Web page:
It was going to be a memorable spring break in Morocco.
As she packed her suitcase, Jessica Miller’s mind drifted to the mountainous country of western North Africa, a March trip she had planned for months to marry her fiancé, Mouaad Essaadi, who lives there.
She would be back home in a week to finish the semester at SUNY Morrisville, where she is a nursing student, and in plenty of time to celebrate her son Owen’s 10th birthday in April. But shortly after she landed in Morocco, the government closed the borders and shut down international flights. It was the start of the COVID-19 pandemic.
As the coronavirus spread around the world, Miller was among many Americans who were stuck abroad, struggling to return home. Her week-long trip turned into three months of learning and living a world away.
Stranded in a foreign country with her entire life left behind — a young son, an apartment, a part-time job as an LPN and only a week’s worth of clothes — she had no idea when she could return home.
Their reunion came in June, when an emergency evacuation flight planned by the U.S. government brought 200 Americans stuck abroad home, Miller among them. The trip cost them double the price of a regular roundtrip flight.
Since the long journey home, she has given birth to their daughter, Layla. With regulations making it difficult for travel, Essaadi has only seen his new daughter in video chats.
As the world adjusts to the “new normal,” Miller is forging ahead with life’s plans, including graduating from SUNY Morrisville with an associate degree in nursing in December 2021.
Miller worked for nine years as an LPN when she decided to go back to college, choosing Morrisville because it offered her everything she was looking for in her future plans to be a nurse practitioner.
In March, it kept doors open for her when the pandemic pushed the campus to remote teaching and learning. Professors rallied to help Miller complete her semester abroad amid a pandemic weighted with so many other challenges for her, including a six-hour time difference.
“They are not as industrialized (in Morocco) and the Internet there is weak and spotty,” she said. “An exam taken by classmates at 9 p.m. was an exam at 3 a.m. for me.”
Professors worked with her limitations, assisting in any way possible.
“They made sure everything was set up for students, regardless of their situation,” Miller said. “They made sure we had books and everything accessible online and if I had any questions, I could reach out to them at any time.”
Back home, her brother and mother took over care of her son and stepped in with his studies as his school switched to remote learning. They pitched in financially, too, since Miller could not work her part-time job as an LPN for Kond Medical.
Days slipped away slowly as she and her son spent their first Easter, Mother’s Day and birthdays apart.
Miller stayed with Essaadi and three family members, some who spoke mostly Arabic and little English.
“The lockdown there was pretty strict and airspace was closed,” she recalled. Residents were to stay inside their homes with the threat of arrest if they did not comply. Those with a pass, including Essaadi, were allowed to leave their residences to get essential supplies only.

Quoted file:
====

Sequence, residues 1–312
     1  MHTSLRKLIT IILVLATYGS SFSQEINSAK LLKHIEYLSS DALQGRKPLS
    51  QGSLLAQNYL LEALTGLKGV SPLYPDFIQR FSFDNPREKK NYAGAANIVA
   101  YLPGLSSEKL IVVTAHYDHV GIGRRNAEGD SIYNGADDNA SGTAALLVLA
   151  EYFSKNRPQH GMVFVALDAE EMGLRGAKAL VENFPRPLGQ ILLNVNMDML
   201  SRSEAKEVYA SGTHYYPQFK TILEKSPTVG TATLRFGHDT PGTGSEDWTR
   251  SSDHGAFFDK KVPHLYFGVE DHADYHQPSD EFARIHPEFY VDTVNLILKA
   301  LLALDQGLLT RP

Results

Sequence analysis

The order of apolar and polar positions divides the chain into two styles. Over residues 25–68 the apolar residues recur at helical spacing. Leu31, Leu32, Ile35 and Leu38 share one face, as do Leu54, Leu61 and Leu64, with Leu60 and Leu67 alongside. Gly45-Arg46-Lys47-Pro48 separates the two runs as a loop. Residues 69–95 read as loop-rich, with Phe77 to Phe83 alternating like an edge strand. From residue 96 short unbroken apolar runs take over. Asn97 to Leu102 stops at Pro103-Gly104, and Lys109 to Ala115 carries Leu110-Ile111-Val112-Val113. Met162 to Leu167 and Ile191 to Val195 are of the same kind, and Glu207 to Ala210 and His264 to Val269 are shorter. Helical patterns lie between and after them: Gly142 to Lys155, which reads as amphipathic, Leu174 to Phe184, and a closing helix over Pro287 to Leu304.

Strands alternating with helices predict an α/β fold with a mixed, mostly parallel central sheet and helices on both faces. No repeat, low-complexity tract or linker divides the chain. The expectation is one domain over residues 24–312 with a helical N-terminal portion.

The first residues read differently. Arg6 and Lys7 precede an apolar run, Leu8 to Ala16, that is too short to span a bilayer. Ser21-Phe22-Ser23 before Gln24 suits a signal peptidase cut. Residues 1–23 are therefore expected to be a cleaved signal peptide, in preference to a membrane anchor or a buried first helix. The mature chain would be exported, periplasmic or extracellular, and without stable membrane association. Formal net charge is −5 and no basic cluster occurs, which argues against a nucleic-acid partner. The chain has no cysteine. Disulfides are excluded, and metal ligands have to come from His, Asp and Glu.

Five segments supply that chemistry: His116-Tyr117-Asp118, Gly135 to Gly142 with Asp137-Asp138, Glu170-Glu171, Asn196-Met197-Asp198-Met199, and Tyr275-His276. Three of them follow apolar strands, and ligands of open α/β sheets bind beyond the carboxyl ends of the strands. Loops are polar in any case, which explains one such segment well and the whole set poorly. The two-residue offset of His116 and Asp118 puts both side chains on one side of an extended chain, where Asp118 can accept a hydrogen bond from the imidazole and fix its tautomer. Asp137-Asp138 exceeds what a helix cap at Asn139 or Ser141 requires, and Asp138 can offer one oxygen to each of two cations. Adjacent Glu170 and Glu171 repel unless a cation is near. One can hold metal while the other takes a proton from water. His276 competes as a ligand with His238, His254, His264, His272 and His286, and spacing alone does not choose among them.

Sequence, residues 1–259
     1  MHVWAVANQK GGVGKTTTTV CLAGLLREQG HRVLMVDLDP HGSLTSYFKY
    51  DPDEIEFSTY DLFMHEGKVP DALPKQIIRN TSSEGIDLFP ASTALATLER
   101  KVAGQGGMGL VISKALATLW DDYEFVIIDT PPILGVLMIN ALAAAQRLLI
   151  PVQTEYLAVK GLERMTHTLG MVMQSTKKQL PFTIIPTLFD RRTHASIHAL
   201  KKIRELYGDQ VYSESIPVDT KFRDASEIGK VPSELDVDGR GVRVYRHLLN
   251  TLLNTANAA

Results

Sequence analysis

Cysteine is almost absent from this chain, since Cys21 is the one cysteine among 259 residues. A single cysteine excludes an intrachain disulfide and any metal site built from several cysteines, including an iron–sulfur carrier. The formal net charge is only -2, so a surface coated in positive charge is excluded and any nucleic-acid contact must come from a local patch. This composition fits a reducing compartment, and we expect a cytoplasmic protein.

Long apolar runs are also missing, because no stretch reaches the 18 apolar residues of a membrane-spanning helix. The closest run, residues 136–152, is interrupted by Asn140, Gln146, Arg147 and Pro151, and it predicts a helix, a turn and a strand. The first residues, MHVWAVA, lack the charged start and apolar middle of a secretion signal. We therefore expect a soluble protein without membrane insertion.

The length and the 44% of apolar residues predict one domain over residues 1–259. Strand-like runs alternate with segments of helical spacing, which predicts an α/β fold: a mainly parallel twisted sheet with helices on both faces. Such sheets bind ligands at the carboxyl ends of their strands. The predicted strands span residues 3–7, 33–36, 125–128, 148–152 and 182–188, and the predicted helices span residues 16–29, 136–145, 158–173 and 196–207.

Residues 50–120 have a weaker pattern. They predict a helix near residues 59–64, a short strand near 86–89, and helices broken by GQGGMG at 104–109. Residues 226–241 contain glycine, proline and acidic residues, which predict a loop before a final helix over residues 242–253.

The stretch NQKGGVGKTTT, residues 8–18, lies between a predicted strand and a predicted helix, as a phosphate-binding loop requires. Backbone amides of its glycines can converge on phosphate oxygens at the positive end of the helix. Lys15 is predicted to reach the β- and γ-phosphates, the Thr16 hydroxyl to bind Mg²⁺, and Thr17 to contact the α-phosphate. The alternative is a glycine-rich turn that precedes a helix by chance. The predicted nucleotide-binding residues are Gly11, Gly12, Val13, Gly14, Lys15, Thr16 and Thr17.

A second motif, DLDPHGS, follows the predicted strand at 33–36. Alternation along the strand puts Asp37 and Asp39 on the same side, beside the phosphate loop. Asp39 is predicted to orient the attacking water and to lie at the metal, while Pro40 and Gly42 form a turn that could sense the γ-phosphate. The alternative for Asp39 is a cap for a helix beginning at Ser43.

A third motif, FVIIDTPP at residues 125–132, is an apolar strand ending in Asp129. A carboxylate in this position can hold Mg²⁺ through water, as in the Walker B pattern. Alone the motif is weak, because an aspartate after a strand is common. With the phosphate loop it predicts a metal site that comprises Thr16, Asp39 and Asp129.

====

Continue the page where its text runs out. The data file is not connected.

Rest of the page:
Miller and Essaadi knew each other for years, through relatives living in the United States, and got engaged in Morocco in 2018. A series of setbacks has postponed their wedding more than once — the latest when courts shut down in Morocco during COVID-19.
Miller’s ornate, red beaded wedding dress is on hold at a small shop in Morocco awaiting a wedding now planned for 2021.
Getting back to her old routine has been challenging for the 32-year-old Herkimer resident — the home she left changed by a pandemic that shattered normalcy around the world, forced education into remote learning and closed nearly everything but hospitals and essential businesses.
“One of the biggest shocks for me when I came home was the bare shelves in grocery stores, especially Walmart,” she said. Shelves were sufficiently stocked in Morocco.
Unlike the U.S., there were no takeout food options in Morocco at the beginning of the pandemic and their only food came from a supermarket and a small general store.
Recalling the months away from home still evokes heavy emotion.
“The hardest part was not seeing my son and only being able to communicate through a computer,” she said.
She planned his 10th birthday, a surprise parade, with help from a world away. The parade started with members of the Herkimer Police Department, MOVAC Ambulance and the Herkimer Fire Department, but the community stepped in with such immense participation, it turned into a large celebration.
“It’s a birthday he will never forget,” Miller said. “He was extremely overwhelmed with emotion, a cake, gifts and a bonfire.”
His greatest gift would come later though, with Miller’s surprise trip home. “We both cried and hugged for a very long time,” she said.